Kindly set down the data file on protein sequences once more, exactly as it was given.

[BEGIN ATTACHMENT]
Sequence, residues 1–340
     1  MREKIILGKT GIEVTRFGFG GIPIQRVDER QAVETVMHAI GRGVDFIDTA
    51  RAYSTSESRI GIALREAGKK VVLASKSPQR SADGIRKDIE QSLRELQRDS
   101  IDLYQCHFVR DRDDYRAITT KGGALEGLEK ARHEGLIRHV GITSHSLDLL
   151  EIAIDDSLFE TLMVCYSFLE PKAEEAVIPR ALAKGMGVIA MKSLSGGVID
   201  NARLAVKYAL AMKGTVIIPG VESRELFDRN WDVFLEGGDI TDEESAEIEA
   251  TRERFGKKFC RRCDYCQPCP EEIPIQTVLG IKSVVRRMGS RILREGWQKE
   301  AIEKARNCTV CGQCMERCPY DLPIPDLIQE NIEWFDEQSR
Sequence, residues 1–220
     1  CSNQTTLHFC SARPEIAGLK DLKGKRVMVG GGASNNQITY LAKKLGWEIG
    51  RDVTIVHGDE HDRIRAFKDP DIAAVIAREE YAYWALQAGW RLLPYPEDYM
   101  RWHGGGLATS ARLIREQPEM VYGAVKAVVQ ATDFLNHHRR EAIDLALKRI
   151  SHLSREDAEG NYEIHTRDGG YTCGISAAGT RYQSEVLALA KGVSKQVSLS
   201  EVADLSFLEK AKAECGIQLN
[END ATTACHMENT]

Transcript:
Sequence, residues 1–340
     1  MREKIILGKT GIEVTRFGFG GIPIQRVDER QAVETVMHAI GRGVDFIDTA
    51  RAYSTSESRI GIALREAGKK VVLASKSPQR SADGIRKDIE QSLRELQRDS
   101  IDLYQCHFVR DRDDYRAITT KGGALEGLEK ARHEGLIRHV GITSHSLDLL
   151  EIAIDDSLFE TLMVCYSFLE PKAEEAVIPR ALAKGMGVIA MKSLSGGVID
   201  NARLAVKYAL AMKGTVIIPG VESRELFDRN WDVFLEGGDI TDEESAEIEA
   251  TRERFGKKFC RRCDYCQPCP EEIPIQTVLG IKSVVRRMGS RILREGWQKE
   301  AIEKARNCTV CGQCMERCPY DLPIPDLIQE NIEWFDEQSR
Sequence, residues 1–220
     1  CSNQTTLHFC SARPEIAGLK DLKGKRVMVG GGASNNQITY LAKKLGWEIG
    51  RDVTIVHGDE HDRIRAFKDP DIAAVIAREE YAYWALQAGW RLLPYPEDYM
   101  RWHGGGLATS ARLIREQPEM VYGAVKAVVQ ATDFLNHHRR EAIDLALKRI
   151  SHLSREDAEG NYEIHTRDGG YTCGISAAGT RYQSEVLALA KGVSKQVSLS
   201  EVADLSFLEK AKAECGIQLN